Animals don't have that ability. And they don't show up at school, work or church with a black eye. It is vital that the Commonwealth provide a resource to keep them from being transferred to convicted abusers in the first place!
This pet rabbit was kept in an outdoor cage, forced to stand on wire flooring 24/7 for years till her owners moved away and left her behind. By the time a neighbor rescued her, her feet were rubbed raw by the wire, causing a severe bone infection and sores that will never heal. Should these people be able to obtain another pet? (Photos: L. Nicotera)
OBJECTION: Someone caught “kicking the family dog” even once could be required to register. REALITY CHECK: It is highly unlikely that a DA would prosecute or a judge would convict an individual who was seen kicking the family dog just once, though that obviously is unacceptable behavior. Next time, the victim could be a child. OBJECTION: The requirement to register makes animal abusers more likely to re-offend. REALITY CHECK: Mental illness, sociopathy and behavioral disorders such as inability to manage anger or control impulses are what cause animal abusers to re-offend. A registry keeps animals from being placed in these individuals’ hands until such time as a licensed mental health professional deems them rehabilitated, able to responsibly and humanely care for an animal.
OBJECTION: Someone with mental or cognitive impairment who has been convicted of animal abuse should not be on the registry. REALITY CHECK: While there indeed is a distinction between the motivation of a mentally ill hoarder with too many animals to feed and that of a sadistic individual, the net result is the same: Animals suffer and die.
OBJECTION: There’s no evidence that registries would keep animal abusers from re-offending. REALITY CHECK: No law is infallible. However, a registry with the requirement that everyone transferring companion animals check it would limit the number of animals convicted abusers could easily obtain. We can’t save all animals, but that shouldn’t stop us from trying to save all we can. OBJECTION: If abusers can’t get animals in Massachusetts, they’ll go to another state. REALITY CHECK: People can cross state lines to obtain guns that would be inaccessible in Massachusetts. Does that mean we should repeal Massachusetts’ strong gun laws? An animal abuser registry law, like any other law, will mitigate but not eradicate the problem it was enacted to address.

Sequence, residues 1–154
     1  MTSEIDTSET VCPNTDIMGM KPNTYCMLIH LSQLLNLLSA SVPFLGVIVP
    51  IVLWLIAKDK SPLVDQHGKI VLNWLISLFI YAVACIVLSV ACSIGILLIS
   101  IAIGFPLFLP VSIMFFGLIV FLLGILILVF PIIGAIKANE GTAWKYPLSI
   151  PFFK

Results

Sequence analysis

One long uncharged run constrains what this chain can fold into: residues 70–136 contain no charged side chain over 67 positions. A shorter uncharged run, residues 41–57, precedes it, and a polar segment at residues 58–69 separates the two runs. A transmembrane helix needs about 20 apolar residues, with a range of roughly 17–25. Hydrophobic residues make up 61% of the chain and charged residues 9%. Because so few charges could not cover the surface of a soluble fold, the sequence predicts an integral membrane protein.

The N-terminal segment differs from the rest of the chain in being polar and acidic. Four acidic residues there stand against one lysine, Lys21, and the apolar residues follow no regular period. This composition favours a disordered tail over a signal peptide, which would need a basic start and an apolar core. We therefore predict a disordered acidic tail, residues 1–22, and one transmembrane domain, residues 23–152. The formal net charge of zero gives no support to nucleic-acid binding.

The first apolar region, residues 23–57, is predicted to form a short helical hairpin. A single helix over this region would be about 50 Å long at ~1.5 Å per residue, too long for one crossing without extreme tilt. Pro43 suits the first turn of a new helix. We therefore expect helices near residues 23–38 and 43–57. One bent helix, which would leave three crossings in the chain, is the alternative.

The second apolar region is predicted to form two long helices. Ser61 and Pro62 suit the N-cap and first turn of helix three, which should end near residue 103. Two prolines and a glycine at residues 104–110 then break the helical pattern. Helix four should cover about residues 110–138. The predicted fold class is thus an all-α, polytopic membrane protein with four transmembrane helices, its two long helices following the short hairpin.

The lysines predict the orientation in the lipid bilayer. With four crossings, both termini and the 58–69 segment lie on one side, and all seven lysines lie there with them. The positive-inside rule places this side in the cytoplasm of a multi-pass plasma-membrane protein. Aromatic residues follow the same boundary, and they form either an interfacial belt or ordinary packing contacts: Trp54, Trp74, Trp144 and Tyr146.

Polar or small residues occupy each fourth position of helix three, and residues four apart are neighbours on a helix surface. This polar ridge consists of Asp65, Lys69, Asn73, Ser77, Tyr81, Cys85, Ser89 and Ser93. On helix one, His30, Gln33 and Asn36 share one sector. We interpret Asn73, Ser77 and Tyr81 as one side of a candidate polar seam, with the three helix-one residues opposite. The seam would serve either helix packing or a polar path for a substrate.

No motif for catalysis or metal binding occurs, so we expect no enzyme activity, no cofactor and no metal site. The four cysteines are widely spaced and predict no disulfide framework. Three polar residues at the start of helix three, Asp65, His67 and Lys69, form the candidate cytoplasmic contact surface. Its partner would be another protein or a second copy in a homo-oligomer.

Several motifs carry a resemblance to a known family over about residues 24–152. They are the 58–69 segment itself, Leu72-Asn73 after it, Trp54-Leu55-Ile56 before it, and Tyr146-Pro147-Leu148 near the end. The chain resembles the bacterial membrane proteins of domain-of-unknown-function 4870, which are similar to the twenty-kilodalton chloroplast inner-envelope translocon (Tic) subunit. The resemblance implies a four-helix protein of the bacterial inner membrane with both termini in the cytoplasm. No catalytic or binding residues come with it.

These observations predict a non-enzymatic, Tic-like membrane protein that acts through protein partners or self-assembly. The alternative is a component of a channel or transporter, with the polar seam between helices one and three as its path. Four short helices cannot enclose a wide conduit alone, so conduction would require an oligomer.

OBJECTION: Requiring pet stores to check the registry unfairly penalizes clerks who don’t do this and as a result, unwittingly sell animals to offenders in the database. REALITY CHECK: Penalties will be assigned appropriately if legislation is drafted as Coalition to Protect and Rescue Pets proposes: We recommend a provision stipulating that the business which owns the animal—whether a pet store or breeding kennel—will be penalized, not the business’s employees. We also propose a similar provision exempting animal shelter employees and volunteers from penalties, while holding the shelter accountable. Requiring a photo i.d. for the purchase or adoption of an animal will help ensure that clerks are not deceived by abusers with aliases.
OBJECTION: Individuals selling or rehoming their pets or the animals’ offspring should not be held accountable for failure to check the registry because they may be unaware of the law. REALITY CHECK: If all laws were held to the above standard, the legislature would not pass any that require compliance! Fact is, legislation creating an animal abuser registry would be communicated the same as any new law that carries penalties.
The 90 days between the governor’s signing and the law’s effective date would be a good time for the Commonwealth as well as stakeholders to disseminate information about the registry and its requirements via the news and social media, leaflets, signage and other communication channels. Stakeholders include municipal pounds; private, nonprofit animal shelters; animal advocacy organizations; pet store trade organizations; and breeders’ associations.